In Update Manager pull down the View menu and select Linux Kernels. You’ll get a WARNING screen that cautions you not to do anything impulsively. Just click Continue and you’ll get a screen at the top of which will state which kernel you are currently using. Just below that you’ll see a couple of 5.4 kernels and over on the left you’ll see 5.4, 5.3, 4.18, and 4.15 (that’s what I see; I suppose you might see something a bit different depending what kernel you have installed). If, for example, you’re running a 4.15 kernel, select 4.15 on the left and you’ll see all the 4.15 kernels that are installed and the one that’s active. If you select a kernel you’ll get a few options among which are to install/remove.

              The above is how it works in 19.2; I suspect 19.1 is similar.

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              • #2276757 Reply
                OscarCP
                AskWoody Plus

                DrBonzo: Thanks! I had not noticed, earlier on, that “View” menu in the top bar.

                Choosing “Kernels” there, right now, I have discovered that I am on 4.15.0.108, supported until April 2023. So, guessing I did not have to do anything there, I decided to leave the kernel well alone, making that somber warning unnecessary, anyhow.

                Windows 7 Professional, SP1, x64 Group W (ex B) & macOS + Linux (Mint)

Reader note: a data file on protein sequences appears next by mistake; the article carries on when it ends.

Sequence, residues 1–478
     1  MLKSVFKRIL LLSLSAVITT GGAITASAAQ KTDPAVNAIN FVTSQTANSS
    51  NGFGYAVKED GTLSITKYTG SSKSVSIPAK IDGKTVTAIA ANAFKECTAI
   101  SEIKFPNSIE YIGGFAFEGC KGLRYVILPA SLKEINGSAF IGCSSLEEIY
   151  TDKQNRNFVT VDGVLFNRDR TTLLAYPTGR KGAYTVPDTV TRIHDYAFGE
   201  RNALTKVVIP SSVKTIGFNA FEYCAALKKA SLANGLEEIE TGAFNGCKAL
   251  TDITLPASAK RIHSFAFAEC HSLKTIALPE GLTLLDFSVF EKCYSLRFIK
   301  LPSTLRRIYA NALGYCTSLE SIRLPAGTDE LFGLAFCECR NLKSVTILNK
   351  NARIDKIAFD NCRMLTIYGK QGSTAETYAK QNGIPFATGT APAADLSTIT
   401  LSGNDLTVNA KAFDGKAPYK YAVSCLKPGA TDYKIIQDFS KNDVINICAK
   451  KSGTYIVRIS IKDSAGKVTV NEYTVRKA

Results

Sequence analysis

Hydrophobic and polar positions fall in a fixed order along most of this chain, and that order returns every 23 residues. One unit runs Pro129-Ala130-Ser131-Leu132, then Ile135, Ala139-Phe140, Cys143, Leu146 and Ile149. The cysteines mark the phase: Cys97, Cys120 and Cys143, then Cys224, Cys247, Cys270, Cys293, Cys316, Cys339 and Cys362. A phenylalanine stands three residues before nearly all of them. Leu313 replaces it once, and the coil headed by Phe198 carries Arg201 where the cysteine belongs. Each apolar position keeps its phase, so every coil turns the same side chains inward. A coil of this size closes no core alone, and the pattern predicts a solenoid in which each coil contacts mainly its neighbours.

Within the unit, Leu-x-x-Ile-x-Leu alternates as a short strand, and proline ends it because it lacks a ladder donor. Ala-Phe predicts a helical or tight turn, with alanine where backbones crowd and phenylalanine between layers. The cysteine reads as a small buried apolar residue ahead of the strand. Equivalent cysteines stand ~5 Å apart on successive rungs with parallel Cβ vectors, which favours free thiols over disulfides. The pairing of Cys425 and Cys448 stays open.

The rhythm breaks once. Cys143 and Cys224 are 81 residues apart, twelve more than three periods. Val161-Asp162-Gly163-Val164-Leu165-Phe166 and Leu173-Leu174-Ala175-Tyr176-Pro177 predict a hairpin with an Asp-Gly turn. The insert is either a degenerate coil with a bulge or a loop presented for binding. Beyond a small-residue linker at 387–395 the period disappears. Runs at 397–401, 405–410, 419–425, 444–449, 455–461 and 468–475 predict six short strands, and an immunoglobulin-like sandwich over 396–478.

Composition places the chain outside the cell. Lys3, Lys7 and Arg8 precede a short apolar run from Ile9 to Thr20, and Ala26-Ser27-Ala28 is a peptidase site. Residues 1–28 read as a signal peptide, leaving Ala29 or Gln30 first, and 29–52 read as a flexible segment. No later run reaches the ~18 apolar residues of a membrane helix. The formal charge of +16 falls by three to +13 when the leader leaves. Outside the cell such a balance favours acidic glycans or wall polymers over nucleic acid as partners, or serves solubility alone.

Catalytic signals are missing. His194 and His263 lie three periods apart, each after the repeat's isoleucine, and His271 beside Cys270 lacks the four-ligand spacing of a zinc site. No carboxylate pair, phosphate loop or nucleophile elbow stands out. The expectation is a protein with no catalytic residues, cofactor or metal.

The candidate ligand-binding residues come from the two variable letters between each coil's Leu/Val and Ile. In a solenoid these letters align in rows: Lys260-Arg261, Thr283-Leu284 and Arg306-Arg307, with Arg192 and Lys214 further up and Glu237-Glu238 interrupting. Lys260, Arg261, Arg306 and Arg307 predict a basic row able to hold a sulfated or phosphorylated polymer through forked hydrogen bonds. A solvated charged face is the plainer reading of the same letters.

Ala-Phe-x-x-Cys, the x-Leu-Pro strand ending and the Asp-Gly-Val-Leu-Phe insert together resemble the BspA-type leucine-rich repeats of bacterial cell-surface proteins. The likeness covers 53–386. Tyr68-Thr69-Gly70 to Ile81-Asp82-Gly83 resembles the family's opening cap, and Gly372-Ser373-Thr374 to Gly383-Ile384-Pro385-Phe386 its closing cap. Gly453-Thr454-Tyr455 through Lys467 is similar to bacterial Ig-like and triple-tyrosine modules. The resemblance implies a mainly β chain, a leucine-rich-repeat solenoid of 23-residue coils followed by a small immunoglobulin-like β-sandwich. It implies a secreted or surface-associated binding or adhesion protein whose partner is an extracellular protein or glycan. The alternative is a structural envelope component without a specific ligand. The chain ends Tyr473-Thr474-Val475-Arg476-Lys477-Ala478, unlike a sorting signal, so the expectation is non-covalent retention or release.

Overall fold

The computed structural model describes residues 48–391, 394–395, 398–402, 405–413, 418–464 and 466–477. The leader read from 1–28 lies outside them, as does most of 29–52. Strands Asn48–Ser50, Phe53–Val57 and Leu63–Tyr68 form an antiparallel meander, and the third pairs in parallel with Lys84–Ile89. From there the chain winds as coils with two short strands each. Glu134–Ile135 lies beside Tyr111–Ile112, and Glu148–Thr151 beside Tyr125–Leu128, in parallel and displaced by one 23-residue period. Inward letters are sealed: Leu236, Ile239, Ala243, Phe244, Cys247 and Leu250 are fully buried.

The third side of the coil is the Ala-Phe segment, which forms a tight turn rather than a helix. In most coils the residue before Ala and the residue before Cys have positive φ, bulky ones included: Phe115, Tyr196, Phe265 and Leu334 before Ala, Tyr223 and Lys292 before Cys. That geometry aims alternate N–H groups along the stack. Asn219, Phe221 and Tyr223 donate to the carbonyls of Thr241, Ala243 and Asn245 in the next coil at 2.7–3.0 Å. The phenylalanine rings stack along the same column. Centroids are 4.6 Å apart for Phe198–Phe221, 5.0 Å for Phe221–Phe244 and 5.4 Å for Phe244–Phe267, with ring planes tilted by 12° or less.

• #2276763 Reply
                Ascaris
                AskWoody_MVP

                4.15 is supported until 2023 for security and bug fixes, but newer kernels support more recent hardware and often have power saving and performance improvements (although there are sometimes regressions too).  There have been some notable improvements to disk I/O scheduling and power savings recently.  That may or may not matter for how you use your PC, but it’s something to think about!

                In general, if you like the way everything works, you might as well leave it as long as it is still maintained… but if you do decide to try out a new kernel, it is installed alongside your old one, not instead of it.  You can pick which one you want to use from the GRUB menu at boot time.  It makes it really easy to go back if you get a bad one (not likely, but it’s good to have a plan in case it happens).

                FWIW, 5.4 is the standard kernel for Mint 20.  I’m using it now on two of my PCs (the G3, which I am using now, and the desktop), and it works well.  It had a few minor annoyances a few months ago, but it’s quite good now, IMO.

                Group "L" (KDE Neon User Edition 5.19.2).

                • This reply was modified 3 days, 5 hours ago by Ascaris.
                1 user thanked author for this post.
              • #2276778 Reply
                OscarCP
                AskWoody Plus

                Ascaris,

                Thanks: that is very helpful to know about the old kernel being kept and one being able to go back and use it again if necessary. Doesn’t the installation of Mint 20 also install the latest kernel, or one still has the option to do it oneself, or keep the old one instead? My computer is still going strong, but it is already nine years’ old, so being able to use new types of hardware, etc. is not likely to be much of an issue.